Anatomy of THE Groove 8/22/2014: Andre’s Pick-“Love Can” by Lisa Stansfield

            As a UK understudy of Barry White,Lisa Stansfield took the late 80’s/early 90’s by storm with her strong vocalizing of the sort of orchestral soul vision that White had helped pioneer. Always creatively strong and vital,Stansfield didn’t continue the same commercial success in the US that she maintained in the UK throughout the 90’s. Her comeback’s became less frequent-culminating in a decade absence after 2004. There was in fact a three-four month waiting period between the UK and US release of her new comeback album Seven. On the other hand,the US version was released just in time for summer. And concluded with a song entitled “Love Can”.

           Opening with a percussive drum beat with a deep,thumping bass line playing the accenting the rhythm a jazzy electric piano solo comes in. This is followed by a burst of string and horn orchestration-with a flute and violin playing their own counter melody before Stansfield’s deep,rangy and resonate vocals some in. While the melody of the some seems a bit mysterious, even reflective at first,by the time the chorus arrives? The mood of the song turns excitedly aroused-both lyrically and musically as she sings of the need to be vulnerable in love. The mood of the instrumentation raised from somewhat quietly funky to enthusiastically dramatic as the song builds from beginning to end before ending with an unaccompanied violin crescendo.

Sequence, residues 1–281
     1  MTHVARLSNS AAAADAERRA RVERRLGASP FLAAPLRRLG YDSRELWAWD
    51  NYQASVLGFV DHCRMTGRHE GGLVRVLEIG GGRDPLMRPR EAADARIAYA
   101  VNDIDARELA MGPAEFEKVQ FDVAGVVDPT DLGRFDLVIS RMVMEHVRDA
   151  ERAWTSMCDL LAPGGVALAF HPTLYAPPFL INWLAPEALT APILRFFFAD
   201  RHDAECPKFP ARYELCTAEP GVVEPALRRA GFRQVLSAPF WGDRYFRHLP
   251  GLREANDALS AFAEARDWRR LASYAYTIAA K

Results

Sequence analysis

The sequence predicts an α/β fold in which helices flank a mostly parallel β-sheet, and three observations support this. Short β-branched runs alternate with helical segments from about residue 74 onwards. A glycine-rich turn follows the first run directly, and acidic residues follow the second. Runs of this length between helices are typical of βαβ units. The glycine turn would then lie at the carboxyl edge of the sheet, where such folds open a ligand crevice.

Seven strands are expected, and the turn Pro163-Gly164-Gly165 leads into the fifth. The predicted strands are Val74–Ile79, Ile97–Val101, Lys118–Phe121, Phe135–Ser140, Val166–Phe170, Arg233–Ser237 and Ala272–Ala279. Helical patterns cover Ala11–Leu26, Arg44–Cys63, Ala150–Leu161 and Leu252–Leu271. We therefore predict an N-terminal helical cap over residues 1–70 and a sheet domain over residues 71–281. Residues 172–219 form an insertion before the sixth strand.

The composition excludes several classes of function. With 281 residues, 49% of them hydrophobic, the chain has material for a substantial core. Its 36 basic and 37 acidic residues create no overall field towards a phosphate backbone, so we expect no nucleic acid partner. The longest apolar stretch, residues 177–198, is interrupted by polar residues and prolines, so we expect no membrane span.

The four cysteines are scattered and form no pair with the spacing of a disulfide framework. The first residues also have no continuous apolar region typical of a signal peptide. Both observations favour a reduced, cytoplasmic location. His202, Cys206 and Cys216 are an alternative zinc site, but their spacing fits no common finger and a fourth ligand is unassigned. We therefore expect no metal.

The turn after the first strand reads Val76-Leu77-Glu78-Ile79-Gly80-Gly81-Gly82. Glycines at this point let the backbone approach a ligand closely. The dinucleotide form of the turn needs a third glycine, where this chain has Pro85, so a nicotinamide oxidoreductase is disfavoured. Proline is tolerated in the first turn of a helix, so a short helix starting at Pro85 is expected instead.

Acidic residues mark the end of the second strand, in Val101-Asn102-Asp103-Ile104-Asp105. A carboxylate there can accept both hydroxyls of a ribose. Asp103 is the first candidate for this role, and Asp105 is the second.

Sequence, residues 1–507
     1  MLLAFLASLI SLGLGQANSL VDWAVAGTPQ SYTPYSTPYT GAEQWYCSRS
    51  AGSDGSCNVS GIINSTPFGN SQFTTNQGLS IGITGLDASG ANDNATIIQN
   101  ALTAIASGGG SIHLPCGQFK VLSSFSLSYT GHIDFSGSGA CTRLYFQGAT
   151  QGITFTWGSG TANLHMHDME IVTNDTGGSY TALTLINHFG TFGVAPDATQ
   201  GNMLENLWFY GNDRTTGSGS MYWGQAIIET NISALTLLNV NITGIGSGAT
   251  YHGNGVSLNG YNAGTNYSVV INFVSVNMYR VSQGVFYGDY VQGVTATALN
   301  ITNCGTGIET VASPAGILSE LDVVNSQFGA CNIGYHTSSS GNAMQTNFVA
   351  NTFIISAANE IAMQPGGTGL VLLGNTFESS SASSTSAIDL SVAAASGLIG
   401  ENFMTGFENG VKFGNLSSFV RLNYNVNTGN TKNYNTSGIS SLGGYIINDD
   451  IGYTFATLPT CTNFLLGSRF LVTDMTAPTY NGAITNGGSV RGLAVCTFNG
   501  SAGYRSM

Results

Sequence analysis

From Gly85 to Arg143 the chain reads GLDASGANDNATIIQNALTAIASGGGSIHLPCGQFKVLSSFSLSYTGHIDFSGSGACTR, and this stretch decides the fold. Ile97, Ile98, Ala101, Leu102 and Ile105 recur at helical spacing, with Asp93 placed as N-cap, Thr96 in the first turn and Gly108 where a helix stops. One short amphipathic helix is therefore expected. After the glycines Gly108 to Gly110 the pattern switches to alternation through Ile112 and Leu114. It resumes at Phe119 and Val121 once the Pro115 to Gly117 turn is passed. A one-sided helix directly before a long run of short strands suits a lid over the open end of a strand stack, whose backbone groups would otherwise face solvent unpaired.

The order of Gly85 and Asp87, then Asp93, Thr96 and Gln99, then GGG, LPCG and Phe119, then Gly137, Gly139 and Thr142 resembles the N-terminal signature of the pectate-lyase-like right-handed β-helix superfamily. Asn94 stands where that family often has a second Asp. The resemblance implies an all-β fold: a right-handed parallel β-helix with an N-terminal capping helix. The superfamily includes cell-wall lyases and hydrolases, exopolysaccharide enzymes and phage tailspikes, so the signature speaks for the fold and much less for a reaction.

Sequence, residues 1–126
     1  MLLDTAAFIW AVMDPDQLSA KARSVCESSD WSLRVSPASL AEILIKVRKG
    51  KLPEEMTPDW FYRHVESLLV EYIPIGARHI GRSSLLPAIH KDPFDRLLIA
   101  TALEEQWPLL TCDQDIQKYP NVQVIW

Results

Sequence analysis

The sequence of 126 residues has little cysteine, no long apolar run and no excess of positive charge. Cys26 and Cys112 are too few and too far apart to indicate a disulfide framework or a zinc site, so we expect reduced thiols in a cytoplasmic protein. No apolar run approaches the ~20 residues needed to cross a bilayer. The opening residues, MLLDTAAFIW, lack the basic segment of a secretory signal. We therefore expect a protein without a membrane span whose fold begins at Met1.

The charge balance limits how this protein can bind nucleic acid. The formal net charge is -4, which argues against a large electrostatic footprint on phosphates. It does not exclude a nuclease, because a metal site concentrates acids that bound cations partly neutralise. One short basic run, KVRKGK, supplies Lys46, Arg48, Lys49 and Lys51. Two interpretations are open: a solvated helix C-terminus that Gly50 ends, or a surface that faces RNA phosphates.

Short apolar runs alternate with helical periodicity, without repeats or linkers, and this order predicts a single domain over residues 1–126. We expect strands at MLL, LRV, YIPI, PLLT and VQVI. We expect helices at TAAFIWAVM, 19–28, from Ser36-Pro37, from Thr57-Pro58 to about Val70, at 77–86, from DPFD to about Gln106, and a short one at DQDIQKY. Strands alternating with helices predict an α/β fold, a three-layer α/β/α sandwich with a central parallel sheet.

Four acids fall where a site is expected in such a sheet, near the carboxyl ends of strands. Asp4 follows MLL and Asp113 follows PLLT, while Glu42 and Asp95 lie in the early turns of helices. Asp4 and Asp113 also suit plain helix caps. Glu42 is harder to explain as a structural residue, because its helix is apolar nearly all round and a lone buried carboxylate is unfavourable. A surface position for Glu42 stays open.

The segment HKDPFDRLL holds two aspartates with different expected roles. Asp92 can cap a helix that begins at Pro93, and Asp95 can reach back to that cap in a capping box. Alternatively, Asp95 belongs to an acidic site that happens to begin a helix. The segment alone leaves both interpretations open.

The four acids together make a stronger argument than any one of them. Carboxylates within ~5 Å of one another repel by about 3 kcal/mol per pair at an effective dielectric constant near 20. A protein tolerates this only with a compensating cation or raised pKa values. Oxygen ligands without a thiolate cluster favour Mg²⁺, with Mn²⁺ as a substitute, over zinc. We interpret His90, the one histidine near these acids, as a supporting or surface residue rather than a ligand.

While surely extending on Stansfield’s love of the Barry White/Marvin Gaye style funk soul groove of the mid 70’s,she extends it even further on this song by employing live instrumentation. This is especially bought out when it comes to the live drumming. This presents a very different milieu than the programmed rhythms I was more used to hearing on her late 80’s/early 90’s recordings. What is most pleasing is how much she understands the funk she has continued to grow into musically. The rhythm and bass line are presented in a spare way,but she maintains her bold orchestral settings as well. Its a wonderful example of how live instrumentation,produced with eloquence,can sound in a crisp digitally recorded setting.

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Filed under Barry White, Funk, Funk Bass, Lisa Stansfield, Marvin Gaye, Rhythm, rhythm & blues

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